162 national data privacy laws and 20 Bills
We mark this 36th Anniversary edition of PL&B International Report by proudly publishing the latest list, now of 162 national data protection laws – representing around three-quarters of United Nations Member States - and 20 Bills.
They have been researched and presented by our universally respected Asia-Pacific Editor, Professor Graham Greenleaf. His pioneering work in this field and on enforcement is unrivalled, and has been cited for years by the United Nations, the OECD, the European Commission, the European Data Protection Supervisor and many others.
Here at Privacy Laws & Business we have been tracking these laws and Bills since our first Newsletter in February 1987 when our chart showed 10 national laws (PL&B International Report Issue 1 - p.9). A common theme then was their coverage of automated data, natural persons, a right of correction and the availability of penalties as sanctions. But there were also differences between the laws regarding the possibility of appealing against a decision of the Data Protection Authority, the role of the courts and whether the DPA had a role in giving an authorisation for the export of personal data.
The relevance today is that despite the 162 laws having broadly similar aims, in principle, they achieve them through widely differing scope, rights and duties reflecting the different societies from which they have emerged.
The EU GDPR remains the leading global influencer but while European laws assert the notion of the protection of personal data as a fundamental right, this is not the case in some countries. As a result, the balance between privacy and other values differs according to the norms of each society. The People’s Republic of China does not meet Western European standards of a democratic society. Nevertheless, it has produced a strong framework of privacy and cybersecurity law for which sanctions are imposed by the courts. At the top end, a fine exceeding $US 1 billion on companies and personal fines on top management more than match those elsewhere.
The few but growing number of US states with privacy laws, led by California, have different provisions for collective action which are largely absent in Europe, although available, in principle, in the EU GDPR.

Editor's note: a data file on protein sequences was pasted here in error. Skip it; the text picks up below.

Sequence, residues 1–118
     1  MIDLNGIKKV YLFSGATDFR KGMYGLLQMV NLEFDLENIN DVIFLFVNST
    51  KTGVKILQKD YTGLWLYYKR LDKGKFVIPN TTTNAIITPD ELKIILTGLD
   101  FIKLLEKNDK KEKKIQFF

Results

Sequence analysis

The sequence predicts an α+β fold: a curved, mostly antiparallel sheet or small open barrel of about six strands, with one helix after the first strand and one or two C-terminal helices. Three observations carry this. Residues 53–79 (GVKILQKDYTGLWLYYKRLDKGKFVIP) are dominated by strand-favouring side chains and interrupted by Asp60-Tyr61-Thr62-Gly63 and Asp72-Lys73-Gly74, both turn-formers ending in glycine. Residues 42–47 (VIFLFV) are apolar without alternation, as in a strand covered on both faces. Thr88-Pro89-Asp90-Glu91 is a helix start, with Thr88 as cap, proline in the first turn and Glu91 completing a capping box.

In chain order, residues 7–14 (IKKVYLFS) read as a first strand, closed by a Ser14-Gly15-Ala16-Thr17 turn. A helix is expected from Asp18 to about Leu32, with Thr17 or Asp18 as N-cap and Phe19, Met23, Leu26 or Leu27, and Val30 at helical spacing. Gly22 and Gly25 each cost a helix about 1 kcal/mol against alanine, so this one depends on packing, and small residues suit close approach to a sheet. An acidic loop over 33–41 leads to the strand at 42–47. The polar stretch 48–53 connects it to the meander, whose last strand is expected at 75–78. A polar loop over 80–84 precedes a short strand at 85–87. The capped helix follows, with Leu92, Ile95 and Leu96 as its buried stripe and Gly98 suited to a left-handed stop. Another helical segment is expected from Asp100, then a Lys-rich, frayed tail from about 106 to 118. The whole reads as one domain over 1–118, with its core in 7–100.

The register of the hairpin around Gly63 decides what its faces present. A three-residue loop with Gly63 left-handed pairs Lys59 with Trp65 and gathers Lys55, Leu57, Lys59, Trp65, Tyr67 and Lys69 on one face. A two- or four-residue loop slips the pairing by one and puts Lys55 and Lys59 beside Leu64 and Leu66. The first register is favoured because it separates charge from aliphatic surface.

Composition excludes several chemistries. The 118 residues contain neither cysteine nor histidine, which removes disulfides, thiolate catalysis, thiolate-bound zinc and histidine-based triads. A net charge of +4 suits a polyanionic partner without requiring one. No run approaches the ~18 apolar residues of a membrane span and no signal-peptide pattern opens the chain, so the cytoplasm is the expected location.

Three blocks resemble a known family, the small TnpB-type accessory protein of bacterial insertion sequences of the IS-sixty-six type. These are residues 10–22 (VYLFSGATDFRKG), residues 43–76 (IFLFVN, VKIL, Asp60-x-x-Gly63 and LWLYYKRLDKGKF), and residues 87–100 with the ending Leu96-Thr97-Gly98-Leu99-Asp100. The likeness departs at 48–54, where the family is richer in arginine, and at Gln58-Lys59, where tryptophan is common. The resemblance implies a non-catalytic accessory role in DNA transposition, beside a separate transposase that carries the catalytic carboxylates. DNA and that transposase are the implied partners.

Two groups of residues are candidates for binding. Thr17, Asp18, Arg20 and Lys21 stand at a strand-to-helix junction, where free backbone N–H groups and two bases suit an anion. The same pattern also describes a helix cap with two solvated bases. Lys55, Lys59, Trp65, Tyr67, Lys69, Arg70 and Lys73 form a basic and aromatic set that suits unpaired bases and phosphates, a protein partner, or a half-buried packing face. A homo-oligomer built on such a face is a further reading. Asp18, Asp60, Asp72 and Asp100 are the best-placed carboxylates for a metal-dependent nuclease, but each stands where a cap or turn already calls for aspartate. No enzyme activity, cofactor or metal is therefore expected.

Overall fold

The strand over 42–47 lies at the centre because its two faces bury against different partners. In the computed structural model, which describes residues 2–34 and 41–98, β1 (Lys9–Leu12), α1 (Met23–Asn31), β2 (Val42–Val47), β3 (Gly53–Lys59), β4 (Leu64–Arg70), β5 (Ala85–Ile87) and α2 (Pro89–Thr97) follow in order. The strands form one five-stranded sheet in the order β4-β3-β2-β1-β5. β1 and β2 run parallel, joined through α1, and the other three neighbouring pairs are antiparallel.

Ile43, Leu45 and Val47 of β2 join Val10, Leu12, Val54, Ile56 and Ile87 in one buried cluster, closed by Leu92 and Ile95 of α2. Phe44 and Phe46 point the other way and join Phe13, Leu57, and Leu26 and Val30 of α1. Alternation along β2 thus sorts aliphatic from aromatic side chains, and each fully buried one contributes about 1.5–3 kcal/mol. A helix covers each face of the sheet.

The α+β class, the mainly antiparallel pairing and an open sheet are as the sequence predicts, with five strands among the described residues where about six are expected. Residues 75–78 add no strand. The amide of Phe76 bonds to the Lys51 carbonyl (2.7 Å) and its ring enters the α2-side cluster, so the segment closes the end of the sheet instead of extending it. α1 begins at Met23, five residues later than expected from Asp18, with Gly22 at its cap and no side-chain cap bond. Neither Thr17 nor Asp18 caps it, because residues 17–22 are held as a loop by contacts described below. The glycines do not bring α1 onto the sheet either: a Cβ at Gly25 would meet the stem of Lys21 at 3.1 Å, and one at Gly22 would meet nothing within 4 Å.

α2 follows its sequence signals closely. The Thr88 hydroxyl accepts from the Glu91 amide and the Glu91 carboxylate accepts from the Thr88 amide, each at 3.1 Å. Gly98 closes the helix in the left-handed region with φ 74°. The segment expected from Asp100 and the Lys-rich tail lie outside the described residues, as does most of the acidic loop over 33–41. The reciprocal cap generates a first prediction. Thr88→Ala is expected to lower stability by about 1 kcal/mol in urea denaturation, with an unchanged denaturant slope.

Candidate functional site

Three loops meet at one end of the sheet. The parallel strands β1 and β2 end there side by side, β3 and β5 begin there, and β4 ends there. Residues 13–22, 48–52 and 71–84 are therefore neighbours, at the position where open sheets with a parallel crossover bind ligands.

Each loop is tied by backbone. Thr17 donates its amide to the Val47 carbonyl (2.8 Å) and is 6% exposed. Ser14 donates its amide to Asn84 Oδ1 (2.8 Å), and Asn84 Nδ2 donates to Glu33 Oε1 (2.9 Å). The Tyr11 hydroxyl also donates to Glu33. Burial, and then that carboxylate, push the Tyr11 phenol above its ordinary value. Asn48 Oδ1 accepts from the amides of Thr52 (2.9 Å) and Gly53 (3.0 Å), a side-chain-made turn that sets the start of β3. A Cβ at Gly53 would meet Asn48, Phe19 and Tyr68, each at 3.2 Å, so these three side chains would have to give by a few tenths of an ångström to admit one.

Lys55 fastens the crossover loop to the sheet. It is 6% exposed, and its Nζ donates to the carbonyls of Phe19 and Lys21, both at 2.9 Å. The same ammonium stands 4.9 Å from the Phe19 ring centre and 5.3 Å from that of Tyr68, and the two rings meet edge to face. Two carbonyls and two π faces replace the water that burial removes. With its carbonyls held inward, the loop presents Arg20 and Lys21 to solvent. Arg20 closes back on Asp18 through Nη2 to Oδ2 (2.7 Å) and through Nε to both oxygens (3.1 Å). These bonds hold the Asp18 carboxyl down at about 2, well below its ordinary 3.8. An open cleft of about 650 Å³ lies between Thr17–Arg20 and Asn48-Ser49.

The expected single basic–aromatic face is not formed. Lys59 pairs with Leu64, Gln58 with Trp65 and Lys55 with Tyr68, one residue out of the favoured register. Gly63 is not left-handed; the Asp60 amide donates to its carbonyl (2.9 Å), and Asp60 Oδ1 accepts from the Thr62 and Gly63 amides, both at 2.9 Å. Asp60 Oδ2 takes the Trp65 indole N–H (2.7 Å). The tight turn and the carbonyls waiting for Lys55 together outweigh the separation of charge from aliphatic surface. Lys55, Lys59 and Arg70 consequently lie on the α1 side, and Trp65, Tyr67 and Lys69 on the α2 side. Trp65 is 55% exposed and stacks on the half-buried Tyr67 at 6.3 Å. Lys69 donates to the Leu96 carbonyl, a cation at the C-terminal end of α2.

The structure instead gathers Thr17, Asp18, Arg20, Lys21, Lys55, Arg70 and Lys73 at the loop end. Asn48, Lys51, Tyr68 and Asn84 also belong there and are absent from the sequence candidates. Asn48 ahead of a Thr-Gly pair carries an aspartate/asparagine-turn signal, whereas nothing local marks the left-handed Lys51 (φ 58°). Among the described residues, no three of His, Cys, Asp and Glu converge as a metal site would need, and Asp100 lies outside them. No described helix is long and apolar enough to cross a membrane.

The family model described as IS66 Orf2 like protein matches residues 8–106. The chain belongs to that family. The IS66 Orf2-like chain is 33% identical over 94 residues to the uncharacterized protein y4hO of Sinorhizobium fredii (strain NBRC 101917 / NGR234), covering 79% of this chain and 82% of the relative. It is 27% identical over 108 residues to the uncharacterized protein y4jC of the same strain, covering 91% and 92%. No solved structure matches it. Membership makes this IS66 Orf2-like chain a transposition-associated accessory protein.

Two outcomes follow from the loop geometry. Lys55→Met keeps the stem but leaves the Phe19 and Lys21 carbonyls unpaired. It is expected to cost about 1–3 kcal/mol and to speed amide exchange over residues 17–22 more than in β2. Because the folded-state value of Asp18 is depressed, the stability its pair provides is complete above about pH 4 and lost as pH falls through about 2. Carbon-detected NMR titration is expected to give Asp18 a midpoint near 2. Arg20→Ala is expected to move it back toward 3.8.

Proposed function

As always, companies have to keep up to date as governments adapt their national privacy laws to reflect their interaction with specific sectoral laws, as shown by our contributor working at HSBC in Turkey. There banks have to be alert to ensure that their international transfers of personal data meet the changing demands of both data protection law and banking regulations.
National DPAs flourish most when they can call on top academic talent to advise them to ensure that they can benefit from experience in other countries.
In this context, I pay tribute to our late contributor to PL&B International Report from Brazil, the always helpful Professor Danilo Doneda, who sadly died last December. He advised Brazil’s government and provided PL&B with insights and information starting in 2009. He contributed to our Reports and was a speaker at our international conferences first in 2012 and most recently in 2019.
We are pleased to have contributions to both PL&B UK and International Reports written by a wide range of specialists in different disciplines including such high powered academics as Associate Professor Dr Elizabeth Coombs on Australia’s newly adopted law. She is a former New South Wales Privacy Commissioner and now serves as a member of the UK Data Transfer Experts Council.
Data protection in practice is the title of a useful research study published by Sweden’s Data Protection Authority on 31st January. Moving from understanding what the laws require to implementing them in daily business is the appropriate theme to mark 2023 as the 50th Anniversary of Sweden’s Data Law, the world’s first national data protection law. The main lines were established in this law which remains as the inspiration for all the subsequent laws around the world.
Who’s Watching Me? is the title of this year’s PL&B 36th International Conference. We have published the titles of 24 sessions and speakers from 15 countries. Registration is open now and the lowest fees are available until 30 March.
As we move into our 37th year since I established Privacy Laws & Business in February 1987, I thank you for your continuing subscription and we look forward to meeting you at St. John’s College, Cambridge 3-5 July.
Publisher, Privacy Laws & Business